It is said that in life there is no such thing as a free lunch. Fortunately, though, in music there still remains the concept of a free festival. The history of the free festival in the United Kingdom can be traced back to the ‘60s and those early Hyde Park concerts in London featuring headlining performances by the likes of Pink Floyd, Traffic, Family, The Move and then, most famously, shortly after the death of Brian Jones on the 5th of July 1969, The Rolling Stones. They have continued ever since in some shape or form, perhaps most notably, courtesy of the Stonehenge Free Festivals of the ‘70s and ‘80s, the subsequent Greater London Council events which were allied to the CND movement, all of which transmuted into the more recent raves and similar such gatherings, everyone having been held together by a common desire to keep the true spirit of music and its allied counter-culture alive and by making it accessible to all at no financial cost.
Following in this grand tradition is the Bradford Threadfest. Now entering its second year, it is scheduled to run at various locations in this vibrant cosmopolitan West Yorkshire city across the spring Bank Holiday weekend from Friday the 24th to Sunday the 26th of May. It is being advertised as an event in which “venues, collectives, musicians, bands and promoters join forces to offer a free taste of the city’s DIY and grassroots musical activity”.
Dozens of acts will appear over the three days at some fifteen venues dotted in and around the city centre. In keeping with the true egalitarian ethos of the free festival, there will be no headline or supporting acts but moreover you will be afforded a great opportunity to experience a wide range of predominantly local musical talent with a strong emphasis on the alternative and experimental. Proceedings start at 8pm on the Friday at the New Bradford Playhouse with an alt party hosted by the good people at No Hands and featuring live bands and DJs, and will end in the wee small hours of Monday morning at a Wind Down Party at Malik House. In between, expect everything from ambient to Afrobeat, from prog-metal to psychedelia and from post-punk to post-rock, from everyone from Kogumaza to Keystone Acoustic, from Hawk Eyes to Howie Reeve and from Mind Mountain to Monster Killed By Lasers.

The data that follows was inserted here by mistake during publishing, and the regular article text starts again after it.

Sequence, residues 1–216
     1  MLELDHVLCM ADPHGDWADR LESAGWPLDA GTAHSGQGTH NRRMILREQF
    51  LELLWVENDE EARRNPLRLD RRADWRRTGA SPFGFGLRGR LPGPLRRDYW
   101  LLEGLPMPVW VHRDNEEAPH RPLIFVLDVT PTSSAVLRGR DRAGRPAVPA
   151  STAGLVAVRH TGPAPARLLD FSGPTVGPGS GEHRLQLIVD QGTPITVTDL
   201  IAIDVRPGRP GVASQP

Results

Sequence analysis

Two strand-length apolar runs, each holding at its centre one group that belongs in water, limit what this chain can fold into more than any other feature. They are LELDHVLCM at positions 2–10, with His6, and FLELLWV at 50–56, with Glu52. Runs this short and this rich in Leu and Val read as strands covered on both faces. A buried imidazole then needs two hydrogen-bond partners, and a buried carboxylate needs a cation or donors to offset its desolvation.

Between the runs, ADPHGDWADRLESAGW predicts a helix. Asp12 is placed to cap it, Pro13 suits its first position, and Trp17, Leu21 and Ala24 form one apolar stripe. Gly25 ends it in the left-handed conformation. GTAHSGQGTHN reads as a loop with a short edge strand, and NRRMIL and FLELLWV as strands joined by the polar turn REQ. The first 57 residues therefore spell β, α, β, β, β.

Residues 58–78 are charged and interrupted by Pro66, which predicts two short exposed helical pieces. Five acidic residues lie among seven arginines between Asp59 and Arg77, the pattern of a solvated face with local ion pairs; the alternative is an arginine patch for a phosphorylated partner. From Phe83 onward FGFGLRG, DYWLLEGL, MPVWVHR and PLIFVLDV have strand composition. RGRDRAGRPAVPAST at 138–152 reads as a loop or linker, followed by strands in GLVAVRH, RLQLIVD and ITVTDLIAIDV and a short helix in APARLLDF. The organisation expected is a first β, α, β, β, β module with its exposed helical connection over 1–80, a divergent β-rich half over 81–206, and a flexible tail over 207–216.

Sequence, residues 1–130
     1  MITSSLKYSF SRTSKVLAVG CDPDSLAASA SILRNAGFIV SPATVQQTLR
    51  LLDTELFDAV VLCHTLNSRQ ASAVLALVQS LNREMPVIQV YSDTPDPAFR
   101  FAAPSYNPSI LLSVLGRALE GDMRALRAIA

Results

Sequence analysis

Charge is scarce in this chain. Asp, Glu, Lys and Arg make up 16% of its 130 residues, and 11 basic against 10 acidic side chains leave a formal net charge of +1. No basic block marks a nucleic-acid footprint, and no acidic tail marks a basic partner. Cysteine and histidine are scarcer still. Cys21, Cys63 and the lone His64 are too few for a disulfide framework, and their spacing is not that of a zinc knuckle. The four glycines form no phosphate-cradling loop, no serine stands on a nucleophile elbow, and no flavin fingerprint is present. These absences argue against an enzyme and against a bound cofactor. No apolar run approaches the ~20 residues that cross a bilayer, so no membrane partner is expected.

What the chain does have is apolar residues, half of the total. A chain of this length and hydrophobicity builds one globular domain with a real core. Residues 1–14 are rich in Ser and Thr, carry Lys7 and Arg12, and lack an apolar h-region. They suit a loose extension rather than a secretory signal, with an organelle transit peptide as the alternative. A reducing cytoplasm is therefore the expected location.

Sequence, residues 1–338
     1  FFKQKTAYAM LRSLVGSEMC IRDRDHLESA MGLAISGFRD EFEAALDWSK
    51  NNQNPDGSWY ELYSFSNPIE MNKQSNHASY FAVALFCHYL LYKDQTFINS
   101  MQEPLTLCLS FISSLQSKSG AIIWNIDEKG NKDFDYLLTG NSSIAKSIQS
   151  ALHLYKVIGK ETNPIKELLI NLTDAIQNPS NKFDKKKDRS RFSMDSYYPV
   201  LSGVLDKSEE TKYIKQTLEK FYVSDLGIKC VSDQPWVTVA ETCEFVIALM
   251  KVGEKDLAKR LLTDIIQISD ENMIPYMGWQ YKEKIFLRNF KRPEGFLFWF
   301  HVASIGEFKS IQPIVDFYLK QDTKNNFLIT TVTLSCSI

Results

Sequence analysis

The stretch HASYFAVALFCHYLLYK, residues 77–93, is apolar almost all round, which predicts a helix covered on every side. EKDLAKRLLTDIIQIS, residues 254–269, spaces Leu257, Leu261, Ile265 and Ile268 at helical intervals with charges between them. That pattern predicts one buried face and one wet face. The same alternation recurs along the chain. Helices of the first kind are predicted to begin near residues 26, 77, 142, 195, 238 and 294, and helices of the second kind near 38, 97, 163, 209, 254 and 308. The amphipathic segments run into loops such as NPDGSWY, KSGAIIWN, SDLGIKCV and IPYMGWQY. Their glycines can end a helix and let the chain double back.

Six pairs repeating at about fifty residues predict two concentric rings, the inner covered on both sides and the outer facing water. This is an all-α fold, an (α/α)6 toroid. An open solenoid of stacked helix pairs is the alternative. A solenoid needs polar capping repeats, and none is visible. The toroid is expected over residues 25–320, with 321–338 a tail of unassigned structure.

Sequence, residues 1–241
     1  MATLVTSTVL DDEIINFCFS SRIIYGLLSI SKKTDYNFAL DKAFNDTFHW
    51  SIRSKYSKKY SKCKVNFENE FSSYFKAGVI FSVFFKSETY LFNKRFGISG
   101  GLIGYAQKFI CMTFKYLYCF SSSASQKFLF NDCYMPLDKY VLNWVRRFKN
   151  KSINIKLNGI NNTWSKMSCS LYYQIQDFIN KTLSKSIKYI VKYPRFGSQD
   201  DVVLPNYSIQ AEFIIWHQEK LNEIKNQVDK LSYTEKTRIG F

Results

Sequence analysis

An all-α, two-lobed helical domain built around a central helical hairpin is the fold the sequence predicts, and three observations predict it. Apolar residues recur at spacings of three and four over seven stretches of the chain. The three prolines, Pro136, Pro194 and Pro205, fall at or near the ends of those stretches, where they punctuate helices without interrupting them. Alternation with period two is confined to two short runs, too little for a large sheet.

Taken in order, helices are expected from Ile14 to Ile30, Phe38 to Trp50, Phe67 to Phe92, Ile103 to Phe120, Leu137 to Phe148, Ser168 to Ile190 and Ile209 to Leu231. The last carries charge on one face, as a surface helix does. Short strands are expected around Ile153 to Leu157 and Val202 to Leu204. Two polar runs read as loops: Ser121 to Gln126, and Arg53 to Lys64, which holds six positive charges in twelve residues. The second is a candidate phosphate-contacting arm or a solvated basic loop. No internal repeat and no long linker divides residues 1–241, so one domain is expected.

A list of What’s On and Where can be found here:
So come the spring Bank Holiday weekend and if you are anywhere near Bradford in West Yorkshire get yourself along to Threadfest; in so doing you will not only be supporting the local community but you will also be helping to keep the flame of independent music alight.